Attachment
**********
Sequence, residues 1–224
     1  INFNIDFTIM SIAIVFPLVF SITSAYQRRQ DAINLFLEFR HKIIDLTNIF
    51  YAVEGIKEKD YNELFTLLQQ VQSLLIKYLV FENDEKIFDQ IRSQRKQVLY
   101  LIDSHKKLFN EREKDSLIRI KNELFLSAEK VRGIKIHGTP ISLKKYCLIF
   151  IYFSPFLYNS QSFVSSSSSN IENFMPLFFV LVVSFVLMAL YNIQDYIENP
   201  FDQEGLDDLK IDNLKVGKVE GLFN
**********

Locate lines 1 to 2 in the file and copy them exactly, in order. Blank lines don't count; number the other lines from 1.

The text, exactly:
Sequence, residues 1–224
     1  INFNIDFTIM SIAIVFPLVF SITSAYQRRQ DAINLFLEFR HKIIDLTNIF